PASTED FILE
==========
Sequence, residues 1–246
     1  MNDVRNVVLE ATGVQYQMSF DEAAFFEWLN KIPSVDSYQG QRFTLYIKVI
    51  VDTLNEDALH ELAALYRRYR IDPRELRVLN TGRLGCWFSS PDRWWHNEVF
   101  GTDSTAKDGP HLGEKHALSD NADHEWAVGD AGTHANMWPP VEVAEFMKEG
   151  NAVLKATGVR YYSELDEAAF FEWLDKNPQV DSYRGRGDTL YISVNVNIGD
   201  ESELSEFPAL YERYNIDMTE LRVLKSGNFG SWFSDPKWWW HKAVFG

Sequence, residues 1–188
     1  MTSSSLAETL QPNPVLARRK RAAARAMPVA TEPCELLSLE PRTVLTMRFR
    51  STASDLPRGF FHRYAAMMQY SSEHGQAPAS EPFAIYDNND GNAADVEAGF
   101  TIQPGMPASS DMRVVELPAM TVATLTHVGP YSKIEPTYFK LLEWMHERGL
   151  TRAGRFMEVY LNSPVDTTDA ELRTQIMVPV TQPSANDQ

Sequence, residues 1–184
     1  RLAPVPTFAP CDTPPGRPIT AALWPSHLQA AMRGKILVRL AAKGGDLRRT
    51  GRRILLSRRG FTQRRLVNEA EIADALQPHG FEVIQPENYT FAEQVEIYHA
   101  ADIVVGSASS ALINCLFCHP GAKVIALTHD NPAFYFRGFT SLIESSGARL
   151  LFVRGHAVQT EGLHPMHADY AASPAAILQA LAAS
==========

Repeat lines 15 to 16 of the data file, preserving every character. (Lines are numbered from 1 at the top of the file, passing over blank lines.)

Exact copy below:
   101  ADIVVGSASS ALINCLFCHP GAKVIALTHD NPAFYFRGFT SLIESSGARL
   151  LFVRGHAVQT EGLHPMHADY AASPAAILQA LAAS